My favorite rejection letter came from a newspaper whose summer internship program I hadn't even applied.
In college, I submitted dozens of applications to newspaper summer internship programs. One year, I wasn't careful enough as I stuffed my envelopes and sent my application letter to the Atlanta Journal-Constitution to the Chicago Tribute, and received a rather scathing note back from the Trib's summer hiring manager. (I should write her a thank-you note: I've never made that mistake again.)
But my favorite rejection letter came from a newspaper whose summer internship program I hadn't even applied. I think I'd applied the year before and got rejected. Then I got rejected the next year, just for good measure. I can't remember which newspaper it was, but the hilarity of getting preemptively rejected inspired my roommate and I to create a Wall 'o Rejection in our senior-year dorm room.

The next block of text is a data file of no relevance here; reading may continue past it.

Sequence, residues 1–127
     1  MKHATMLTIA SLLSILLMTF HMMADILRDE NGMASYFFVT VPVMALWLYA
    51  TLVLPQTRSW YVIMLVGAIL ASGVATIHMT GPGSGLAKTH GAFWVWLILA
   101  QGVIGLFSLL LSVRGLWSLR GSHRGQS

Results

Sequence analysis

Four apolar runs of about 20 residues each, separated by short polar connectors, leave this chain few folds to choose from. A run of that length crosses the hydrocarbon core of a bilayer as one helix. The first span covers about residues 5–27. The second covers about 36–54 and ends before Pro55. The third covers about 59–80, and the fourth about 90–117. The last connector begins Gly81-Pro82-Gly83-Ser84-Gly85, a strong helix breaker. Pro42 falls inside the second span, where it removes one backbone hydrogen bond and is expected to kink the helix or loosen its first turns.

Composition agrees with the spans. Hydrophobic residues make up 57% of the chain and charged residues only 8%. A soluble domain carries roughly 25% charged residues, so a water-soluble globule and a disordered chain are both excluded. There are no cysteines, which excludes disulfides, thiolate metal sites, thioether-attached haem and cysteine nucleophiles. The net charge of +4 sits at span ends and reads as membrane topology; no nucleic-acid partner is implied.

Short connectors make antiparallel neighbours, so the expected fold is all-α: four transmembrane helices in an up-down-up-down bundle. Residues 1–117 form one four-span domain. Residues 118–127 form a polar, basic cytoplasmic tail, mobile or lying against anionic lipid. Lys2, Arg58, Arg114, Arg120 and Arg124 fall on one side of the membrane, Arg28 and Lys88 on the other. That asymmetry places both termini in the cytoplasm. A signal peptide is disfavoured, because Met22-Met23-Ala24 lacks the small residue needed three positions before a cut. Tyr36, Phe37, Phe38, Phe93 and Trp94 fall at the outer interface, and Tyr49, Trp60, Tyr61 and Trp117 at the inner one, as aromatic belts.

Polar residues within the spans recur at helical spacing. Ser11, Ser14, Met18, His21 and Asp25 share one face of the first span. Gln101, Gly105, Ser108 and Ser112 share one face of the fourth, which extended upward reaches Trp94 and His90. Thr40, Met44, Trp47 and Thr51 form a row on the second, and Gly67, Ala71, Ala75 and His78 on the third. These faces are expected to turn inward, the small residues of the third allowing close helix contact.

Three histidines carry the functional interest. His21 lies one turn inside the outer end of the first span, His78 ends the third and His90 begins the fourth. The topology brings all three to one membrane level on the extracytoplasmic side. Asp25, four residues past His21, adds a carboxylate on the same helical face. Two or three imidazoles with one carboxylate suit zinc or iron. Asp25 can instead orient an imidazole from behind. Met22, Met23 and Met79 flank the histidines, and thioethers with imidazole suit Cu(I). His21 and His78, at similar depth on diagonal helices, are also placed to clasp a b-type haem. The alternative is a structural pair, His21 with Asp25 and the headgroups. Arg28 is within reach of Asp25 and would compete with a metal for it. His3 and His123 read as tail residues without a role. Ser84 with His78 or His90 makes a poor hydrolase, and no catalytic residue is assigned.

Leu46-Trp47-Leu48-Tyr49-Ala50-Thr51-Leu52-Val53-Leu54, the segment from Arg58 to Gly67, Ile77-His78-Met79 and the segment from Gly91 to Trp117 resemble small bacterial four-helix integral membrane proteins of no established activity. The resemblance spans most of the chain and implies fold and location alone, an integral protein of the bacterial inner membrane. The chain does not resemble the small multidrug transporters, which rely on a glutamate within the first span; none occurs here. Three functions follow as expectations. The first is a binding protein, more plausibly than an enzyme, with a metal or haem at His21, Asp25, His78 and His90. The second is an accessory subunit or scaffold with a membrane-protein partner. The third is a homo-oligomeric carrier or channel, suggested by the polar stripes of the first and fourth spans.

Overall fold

Rejection ain't fun. Studies show it can cause people to become less social, more sensitive to future comments (interpreting neutral statements as negative) and score lower on intelligence tests. But rejection can help you reinvent yourself, too, writes Carlin Flora in Psychology Today.
As graduating seniors across the country -- and millions of Americans looking for jobs in a dismal economy -- start their own Wall 'o Rejection, check out this funny blog on the Huffington Post today to know you're not alone.
I'm a huge fan of dark humor. Laugh. It's your only healthy option.